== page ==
The London School of Architecture has appointed architectural historian Neal Shasore as its new head of school and chief executive officer, beginning June 2021.
Shasore is set to take over from the school’s founder Will Hunter as head of school and chief executive officer (CEO) of the London School of Architecture (LSA).
“It’s a huge privilege to be appointed by the trustees to succeed Will Hunter as head of school,” Shasore said.
“I’ve thoroughly enjoyed my interactions with the LSA’s talented and driven students,” he continued. “I am looking forward to working more closely with them, and with our pioneering teaching and operations teams as the school develops over the coming years.”
The LSA was founded in 2015 as London’s first independent school of architecture to open since the Architectural Association was established in 1847.
At the time Hunter told Dezeen that the aim of the school was “to bring academia and practice closer together in order to strengthen both”.
Students at the school work part-time for an architecture studio in their first year, making the two-year course “cost-neutral” to students.
Shasore believes that this model of architectural education is now even more important than when the school was established.
“The LSA’s innovative model is more needed than ever as architectural education meets the challenge of the government’s emerging higher education policy,” he said.
“More profoundly, providing accessible, inclusive and creative educational opportunities for aspiring and practising built environment professionals has taken on even greater urgency as the RIBA and ARB develop plans to embed ethical practice and drive-up competency after the tragedy of the fire at Grenfell Tower and following our departure from the EU.”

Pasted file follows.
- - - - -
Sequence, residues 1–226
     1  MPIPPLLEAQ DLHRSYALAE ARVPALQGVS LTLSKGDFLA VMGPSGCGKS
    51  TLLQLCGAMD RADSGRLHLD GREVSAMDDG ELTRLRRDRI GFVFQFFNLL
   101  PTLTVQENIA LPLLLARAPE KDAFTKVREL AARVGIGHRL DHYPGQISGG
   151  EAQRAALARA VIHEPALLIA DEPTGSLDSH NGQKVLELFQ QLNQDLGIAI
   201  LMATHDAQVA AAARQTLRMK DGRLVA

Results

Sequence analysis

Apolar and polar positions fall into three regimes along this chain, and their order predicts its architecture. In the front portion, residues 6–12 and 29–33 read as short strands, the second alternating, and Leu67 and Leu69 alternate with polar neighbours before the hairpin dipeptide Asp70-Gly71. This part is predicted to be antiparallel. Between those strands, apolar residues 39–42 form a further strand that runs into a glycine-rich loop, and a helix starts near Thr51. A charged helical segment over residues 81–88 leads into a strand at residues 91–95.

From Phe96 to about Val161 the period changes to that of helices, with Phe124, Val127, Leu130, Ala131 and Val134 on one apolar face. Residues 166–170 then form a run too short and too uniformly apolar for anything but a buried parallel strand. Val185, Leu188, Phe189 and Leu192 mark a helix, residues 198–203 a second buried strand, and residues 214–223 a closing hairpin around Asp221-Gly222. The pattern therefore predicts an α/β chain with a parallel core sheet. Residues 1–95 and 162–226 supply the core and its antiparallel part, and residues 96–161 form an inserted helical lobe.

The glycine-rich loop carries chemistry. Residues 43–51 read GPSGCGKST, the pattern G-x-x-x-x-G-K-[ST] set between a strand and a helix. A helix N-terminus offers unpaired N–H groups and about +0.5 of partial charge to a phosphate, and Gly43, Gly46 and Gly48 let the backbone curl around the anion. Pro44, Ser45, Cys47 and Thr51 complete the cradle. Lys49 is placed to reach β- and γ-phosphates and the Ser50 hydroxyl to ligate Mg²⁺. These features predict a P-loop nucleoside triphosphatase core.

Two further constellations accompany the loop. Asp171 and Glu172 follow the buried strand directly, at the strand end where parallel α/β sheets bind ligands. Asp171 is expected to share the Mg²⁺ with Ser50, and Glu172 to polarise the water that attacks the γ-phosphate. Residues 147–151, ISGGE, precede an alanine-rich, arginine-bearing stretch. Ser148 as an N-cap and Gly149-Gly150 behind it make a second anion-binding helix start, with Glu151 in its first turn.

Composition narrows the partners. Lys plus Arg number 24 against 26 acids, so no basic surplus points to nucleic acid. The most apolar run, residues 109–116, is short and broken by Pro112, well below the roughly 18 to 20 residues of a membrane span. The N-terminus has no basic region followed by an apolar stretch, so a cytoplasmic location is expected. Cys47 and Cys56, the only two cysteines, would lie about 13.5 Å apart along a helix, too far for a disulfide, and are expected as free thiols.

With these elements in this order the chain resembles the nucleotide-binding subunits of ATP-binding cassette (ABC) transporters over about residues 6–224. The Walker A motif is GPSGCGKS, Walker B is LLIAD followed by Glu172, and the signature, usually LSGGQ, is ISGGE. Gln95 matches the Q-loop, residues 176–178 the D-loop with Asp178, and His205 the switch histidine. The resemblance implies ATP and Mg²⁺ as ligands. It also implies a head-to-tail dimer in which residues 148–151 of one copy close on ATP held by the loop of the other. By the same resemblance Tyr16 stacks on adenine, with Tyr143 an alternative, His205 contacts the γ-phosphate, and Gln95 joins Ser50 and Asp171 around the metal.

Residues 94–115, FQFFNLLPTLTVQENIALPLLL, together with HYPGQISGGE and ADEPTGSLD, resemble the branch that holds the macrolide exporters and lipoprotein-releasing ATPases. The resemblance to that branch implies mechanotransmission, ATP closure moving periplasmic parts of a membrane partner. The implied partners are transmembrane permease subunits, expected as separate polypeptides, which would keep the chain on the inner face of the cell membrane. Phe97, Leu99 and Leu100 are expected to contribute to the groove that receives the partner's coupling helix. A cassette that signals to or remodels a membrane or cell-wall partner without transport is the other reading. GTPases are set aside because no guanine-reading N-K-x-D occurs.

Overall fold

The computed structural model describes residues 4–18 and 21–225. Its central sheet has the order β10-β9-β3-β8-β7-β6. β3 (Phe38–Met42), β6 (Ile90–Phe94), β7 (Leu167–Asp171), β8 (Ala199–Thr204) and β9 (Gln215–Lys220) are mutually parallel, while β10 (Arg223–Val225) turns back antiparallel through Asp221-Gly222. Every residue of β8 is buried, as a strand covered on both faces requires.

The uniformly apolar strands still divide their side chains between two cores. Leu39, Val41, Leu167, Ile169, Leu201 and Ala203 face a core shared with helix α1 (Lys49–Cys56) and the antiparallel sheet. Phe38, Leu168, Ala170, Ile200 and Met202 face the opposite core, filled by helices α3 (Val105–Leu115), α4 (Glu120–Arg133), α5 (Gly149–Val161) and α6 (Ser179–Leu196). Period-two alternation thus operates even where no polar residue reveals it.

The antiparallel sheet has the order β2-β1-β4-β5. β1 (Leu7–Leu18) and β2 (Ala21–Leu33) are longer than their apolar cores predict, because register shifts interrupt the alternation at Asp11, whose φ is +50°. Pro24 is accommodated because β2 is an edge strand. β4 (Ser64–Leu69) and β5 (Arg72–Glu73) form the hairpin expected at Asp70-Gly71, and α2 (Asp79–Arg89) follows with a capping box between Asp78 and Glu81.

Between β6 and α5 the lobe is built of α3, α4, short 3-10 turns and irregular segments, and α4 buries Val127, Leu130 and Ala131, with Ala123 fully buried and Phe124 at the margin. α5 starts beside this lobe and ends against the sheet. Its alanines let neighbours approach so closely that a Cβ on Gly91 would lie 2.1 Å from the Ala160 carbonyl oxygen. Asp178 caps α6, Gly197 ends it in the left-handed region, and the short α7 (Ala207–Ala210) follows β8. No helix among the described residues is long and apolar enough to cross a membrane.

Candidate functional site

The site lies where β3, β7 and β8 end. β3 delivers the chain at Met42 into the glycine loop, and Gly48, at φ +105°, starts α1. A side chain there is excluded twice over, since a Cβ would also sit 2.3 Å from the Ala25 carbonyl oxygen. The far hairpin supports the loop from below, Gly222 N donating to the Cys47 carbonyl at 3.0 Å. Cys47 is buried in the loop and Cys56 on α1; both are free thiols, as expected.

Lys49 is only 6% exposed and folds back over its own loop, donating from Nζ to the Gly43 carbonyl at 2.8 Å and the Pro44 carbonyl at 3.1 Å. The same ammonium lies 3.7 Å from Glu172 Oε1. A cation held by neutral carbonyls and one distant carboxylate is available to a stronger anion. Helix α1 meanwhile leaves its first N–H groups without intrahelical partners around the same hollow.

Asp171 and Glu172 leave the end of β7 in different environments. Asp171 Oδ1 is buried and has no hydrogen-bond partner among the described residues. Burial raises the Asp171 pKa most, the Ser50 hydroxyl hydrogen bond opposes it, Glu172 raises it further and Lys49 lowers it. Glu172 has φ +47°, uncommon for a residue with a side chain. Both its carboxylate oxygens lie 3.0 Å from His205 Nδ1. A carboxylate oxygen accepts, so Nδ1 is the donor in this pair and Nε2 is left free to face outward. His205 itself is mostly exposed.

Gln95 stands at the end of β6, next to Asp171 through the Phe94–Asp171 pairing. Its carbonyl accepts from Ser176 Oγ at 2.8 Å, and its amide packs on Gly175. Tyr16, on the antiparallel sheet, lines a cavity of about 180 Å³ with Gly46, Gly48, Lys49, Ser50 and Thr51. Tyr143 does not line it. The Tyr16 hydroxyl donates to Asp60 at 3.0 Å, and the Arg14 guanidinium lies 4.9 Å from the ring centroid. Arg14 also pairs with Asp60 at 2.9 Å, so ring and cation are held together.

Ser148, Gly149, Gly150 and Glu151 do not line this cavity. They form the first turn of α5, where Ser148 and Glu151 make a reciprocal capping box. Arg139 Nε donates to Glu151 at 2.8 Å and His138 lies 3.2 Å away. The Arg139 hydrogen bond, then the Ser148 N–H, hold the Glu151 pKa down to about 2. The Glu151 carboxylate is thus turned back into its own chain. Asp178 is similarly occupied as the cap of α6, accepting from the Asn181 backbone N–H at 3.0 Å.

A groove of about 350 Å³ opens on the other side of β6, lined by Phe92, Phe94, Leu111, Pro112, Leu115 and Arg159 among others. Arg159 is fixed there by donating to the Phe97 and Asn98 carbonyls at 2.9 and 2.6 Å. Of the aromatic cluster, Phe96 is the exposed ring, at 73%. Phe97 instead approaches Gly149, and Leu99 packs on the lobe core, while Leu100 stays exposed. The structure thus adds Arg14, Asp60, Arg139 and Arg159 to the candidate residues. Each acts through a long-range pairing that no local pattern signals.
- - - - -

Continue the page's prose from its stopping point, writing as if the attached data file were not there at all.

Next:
The incoming head of school a DPhil in architectural history, an MA in history of art and MSt in the history of art and visual culture from the University of Oxford.
He was previously a visiting lecturer at the University of Cambridge‘s architecture school and has also held posts at the RIBA and University of Westminster, along with being a course tutor for the MArch professional practice studio at the Royal College of Art.
The incoming head of school aims to expand LSA’s educational programme and deepen the school’s relationship with its partners and practice network.
“In all this, we’ll redouble our commitment to diversity, inclusivity and design in the service of environmental and social justice,” he said.
Crispin Kelly, chair of the board of trustees, said Shasore’s appointment reflects the LSA’s ongoing progressive agenda for architectural education.
“Neal will build on the work of its founder Will Hunter, and has a compelling vision for an architectural education and practice which enthusiastically tackles the challenge of a future which is sustainable, diverse and equitable,” Kelly said.
“The appointment of Neal Shasore reflects the LSA’s ongoing progressive agenda for architectural education. His vision for the future of the school, its pedagogical ambitions and wider engagement were considered outstanding.”
Along with the London School of Architecture, others also developing alternative higher eductaion courses. These include British design graduate Stacie Woolsey who created her own design master’s course after being priced out of further education.
Photography is by Morley von Sternberg.